(Bloomberg) -- President Donald Trump is showing off the red-white-and-blue paint job he’s demanded for new Air Force One jets, underscoring his determination to put his stamp on the presidential planes long known internationally for their sky blue-and-white exterior.

“There’s your new Air Force One, and I’m doing this for other presidents, not for me,” Trump said as he held up a design in an interview with ABC News. He also boasted he got “$1.6 billion” off the price of the project. The Air Force has said negotiations that Trump led with Boeing Co. produced “over $1.4 billion in savings.”

The Air Force manages the $5.3 billion program for Boeing Co. to build two new presidential planes. But Trump, who considers himself an expert on branding, is meeting resistance in Congress. An amendment to the annual defense policy bill approved by the House Armed Services Committee (H.R. 2500) would bar changes to plans for the new planes including changes to the plans for exterior paint and interior design.

See Trump displaying red-white-and-blue plane design in ABC News video

Trump’s seemingly off-hand proposal a year ago on how to paint the new planes was among the quirkier examples of the president’s willingness to intervene in Defense Department projects -- from personally pushing for reductions in the cost of the Air Force One replacements and the F-35 fighter to demanding that the Navy use old-fashioned steam-based catapults on its new aircraft carriers instead of a more advanced but occasionally unreliable electromagnetic system.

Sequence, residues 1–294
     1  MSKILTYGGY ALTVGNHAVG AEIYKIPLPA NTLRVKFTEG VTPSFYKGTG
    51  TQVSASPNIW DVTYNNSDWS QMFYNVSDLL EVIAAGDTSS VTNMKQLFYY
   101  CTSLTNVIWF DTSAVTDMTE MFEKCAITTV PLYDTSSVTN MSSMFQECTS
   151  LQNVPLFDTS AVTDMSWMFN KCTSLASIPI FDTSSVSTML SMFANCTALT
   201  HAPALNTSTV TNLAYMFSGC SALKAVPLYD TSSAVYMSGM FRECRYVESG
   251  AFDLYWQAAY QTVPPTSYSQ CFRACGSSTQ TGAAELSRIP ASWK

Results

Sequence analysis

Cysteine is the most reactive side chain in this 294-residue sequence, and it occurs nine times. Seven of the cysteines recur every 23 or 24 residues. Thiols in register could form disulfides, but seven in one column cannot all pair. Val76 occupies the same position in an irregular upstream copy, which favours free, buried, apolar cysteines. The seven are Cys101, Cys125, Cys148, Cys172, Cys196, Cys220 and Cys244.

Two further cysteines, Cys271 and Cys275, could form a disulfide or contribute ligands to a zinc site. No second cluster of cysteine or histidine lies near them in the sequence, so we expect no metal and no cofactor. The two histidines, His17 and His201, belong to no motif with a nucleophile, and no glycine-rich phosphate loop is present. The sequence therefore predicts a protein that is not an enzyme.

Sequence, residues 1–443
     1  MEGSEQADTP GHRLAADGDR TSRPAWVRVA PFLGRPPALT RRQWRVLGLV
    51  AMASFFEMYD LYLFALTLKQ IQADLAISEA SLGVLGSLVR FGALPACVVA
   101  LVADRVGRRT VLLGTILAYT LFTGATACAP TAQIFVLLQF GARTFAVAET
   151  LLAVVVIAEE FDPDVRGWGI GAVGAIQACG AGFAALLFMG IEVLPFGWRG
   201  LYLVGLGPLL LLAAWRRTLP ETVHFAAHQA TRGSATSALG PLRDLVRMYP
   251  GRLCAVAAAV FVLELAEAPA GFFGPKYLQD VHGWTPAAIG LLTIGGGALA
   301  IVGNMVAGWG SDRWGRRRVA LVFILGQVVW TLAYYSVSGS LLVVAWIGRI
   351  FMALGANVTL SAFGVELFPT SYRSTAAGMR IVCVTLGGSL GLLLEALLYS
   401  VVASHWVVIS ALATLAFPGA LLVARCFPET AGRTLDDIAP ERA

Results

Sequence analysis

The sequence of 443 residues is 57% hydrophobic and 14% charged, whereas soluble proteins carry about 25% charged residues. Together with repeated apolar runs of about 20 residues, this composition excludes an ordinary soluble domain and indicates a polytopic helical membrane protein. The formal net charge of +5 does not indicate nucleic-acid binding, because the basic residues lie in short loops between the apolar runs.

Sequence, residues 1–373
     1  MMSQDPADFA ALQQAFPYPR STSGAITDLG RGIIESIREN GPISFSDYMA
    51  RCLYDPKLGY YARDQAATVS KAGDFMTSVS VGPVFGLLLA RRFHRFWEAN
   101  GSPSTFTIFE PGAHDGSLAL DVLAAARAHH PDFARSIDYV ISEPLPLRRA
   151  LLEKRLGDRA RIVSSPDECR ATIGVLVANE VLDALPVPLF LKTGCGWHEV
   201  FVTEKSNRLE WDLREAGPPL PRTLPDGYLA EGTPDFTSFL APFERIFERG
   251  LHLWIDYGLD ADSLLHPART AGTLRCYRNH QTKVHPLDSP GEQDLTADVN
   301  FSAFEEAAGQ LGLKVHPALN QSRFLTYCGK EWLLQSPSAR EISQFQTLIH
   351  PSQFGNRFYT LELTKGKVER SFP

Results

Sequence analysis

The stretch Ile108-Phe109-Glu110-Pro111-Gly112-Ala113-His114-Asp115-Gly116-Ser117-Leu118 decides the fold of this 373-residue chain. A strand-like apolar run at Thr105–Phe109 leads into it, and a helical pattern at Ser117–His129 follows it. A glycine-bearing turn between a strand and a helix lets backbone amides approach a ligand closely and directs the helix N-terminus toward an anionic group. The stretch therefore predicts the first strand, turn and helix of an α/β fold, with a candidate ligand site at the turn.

A final decision on the paint scheme for planes isn’t due until 2021 so it’s possible the color switch might be abandoned if Trump loses his re-election bid next year. If Trump wins, it’s a close call on whether he’ll get to fly on one of the new planes: The Air Force now estimates the first jet will be ready by September 2024, four months before Trump would leave office, but such projects rarely remain on schedule.

--With assistance from Roxana Tiron and Travis Tritten (Bloomberg Government.)

To contact the reporters on this story: Larry Liebert in Washington at lliebert@bloomberg.net;Tony Capaccio in Washington at acapaccio@bloomberg.net

To contact the editor responsible for this story: Bill Faries at wfaries@bloomberg.net

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